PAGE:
Saturday, September 06, 2003

And Now For The Bottom Ten

Recently, Scott Wickstein called on Oz Bloggers to

nominate 10 Australians that you think had the biggest impact on our country in the 20th century.

I think enough time has elapsed that I can decently propose a follow-up without stealing Scott's thunder. A listing of the ten least influential Australians of the twentieth century is out of the question; no-one knows who they were. Instead I'm going to call for your nominations of the 10 greatest bungles in Australian history, from the First Settlers to the present day. Feel free to name the guilty parties as well.

Like Scott, I'm going to withold my list until results are in, firstly because I don't want to prejudice the results with premature suggestions of my own, and secondly because I can't be buggered doing the research right now. My one stipulation is that naming the event and those responsible isn't enough to get a guernsey in the final aggregated list; each nominee needs at least a short justification to get in. Results Monday week.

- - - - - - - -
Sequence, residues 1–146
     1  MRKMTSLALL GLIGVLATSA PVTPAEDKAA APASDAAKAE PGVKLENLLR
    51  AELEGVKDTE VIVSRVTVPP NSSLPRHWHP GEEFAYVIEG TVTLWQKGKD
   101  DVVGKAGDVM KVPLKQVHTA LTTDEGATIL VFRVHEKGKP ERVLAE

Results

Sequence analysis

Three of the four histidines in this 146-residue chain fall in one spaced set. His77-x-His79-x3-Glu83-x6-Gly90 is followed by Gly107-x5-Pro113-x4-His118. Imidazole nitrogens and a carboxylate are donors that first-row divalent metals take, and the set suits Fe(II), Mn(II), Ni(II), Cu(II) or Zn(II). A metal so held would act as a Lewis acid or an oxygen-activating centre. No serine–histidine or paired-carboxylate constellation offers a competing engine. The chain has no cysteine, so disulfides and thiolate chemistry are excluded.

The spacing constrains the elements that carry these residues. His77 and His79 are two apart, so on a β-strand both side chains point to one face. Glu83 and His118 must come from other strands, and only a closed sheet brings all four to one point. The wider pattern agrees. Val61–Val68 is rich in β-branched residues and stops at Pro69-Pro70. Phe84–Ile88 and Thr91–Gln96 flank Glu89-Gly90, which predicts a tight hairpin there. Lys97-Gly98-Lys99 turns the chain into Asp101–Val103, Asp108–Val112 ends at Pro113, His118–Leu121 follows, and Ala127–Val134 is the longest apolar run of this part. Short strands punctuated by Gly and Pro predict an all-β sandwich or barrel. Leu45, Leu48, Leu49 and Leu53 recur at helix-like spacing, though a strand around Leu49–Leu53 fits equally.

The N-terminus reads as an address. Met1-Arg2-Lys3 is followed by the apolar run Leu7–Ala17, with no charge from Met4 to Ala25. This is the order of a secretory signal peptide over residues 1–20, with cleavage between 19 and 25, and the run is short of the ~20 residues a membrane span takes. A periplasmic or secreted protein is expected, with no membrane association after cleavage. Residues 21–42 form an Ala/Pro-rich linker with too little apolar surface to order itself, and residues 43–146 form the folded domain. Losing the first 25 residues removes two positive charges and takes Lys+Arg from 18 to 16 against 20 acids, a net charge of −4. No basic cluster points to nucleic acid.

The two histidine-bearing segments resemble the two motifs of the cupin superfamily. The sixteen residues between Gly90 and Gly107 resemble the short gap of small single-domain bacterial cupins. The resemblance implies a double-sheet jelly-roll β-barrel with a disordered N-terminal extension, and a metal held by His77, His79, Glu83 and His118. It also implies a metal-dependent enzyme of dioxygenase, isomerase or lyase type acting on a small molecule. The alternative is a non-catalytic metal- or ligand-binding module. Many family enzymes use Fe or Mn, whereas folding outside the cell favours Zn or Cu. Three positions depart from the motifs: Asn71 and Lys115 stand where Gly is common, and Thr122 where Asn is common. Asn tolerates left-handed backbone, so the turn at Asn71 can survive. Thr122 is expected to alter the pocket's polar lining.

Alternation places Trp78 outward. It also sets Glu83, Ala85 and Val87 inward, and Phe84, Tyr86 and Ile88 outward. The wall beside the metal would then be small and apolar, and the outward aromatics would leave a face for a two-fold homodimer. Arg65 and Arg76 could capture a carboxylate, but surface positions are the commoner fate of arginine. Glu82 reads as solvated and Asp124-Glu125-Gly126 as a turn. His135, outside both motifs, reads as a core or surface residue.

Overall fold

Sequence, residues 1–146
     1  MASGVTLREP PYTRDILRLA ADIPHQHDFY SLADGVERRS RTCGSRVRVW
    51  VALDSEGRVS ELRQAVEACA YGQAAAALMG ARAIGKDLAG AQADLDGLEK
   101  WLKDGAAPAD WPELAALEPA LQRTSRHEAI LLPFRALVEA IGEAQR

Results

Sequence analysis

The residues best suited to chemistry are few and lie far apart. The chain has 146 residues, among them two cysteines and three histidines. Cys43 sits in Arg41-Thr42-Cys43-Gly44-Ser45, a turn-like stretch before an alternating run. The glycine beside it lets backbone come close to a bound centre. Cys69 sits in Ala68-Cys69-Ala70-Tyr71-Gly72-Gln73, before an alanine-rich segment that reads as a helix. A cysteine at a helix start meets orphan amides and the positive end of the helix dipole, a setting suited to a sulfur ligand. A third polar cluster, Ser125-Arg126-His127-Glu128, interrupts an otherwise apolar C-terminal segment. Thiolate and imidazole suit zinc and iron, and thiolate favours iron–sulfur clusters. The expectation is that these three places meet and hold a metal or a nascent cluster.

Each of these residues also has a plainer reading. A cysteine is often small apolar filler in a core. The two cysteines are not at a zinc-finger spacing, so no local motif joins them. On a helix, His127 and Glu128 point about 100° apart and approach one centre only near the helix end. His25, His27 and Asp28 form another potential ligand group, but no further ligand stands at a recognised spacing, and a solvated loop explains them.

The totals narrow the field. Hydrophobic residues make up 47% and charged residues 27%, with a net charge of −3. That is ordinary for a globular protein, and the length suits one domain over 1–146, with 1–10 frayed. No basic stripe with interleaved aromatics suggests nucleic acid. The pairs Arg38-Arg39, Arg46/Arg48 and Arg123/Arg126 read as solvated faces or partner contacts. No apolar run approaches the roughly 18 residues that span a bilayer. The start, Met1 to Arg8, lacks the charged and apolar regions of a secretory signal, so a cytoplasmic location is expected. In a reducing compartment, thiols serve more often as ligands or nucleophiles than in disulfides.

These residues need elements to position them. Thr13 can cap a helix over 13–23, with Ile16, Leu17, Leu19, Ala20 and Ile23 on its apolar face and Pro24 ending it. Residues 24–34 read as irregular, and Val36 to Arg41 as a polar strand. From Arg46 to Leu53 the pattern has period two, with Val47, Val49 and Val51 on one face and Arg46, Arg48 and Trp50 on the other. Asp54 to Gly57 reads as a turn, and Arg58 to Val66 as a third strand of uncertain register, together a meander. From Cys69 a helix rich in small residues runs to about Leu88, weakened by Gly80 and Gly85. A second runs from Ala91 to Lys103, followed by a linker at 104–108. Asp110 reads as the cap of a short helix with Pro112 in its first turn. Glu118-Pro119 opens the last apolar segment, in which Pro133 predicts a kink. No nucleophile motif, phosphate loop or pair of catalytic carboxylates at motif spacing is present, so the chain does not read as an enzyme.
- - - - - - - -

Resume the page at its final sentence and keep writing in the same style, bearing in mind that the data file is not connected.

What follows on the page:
Update: Rob Schaap has an extensive list of candidates up at his blog.
Here's a thought provoking piece from Bernard Slattery

Grandma Trotsky's Mandolin

Until a few years ago I used to think that I grew up in an ordinary neighbourhood and that my family and I were ordinary people. I lost this illusion quite by accident.

It was on the last of three overseas trips I took with my ex. The first was to New Zealand which really only counts as overseas because it's separated from the Australian mainland and, unlike Tasmania, you need to get a passport before you go there. As we all know, New Zealand has produced our best Australian actors, film directors and films or, at least, the ones who win Oscars.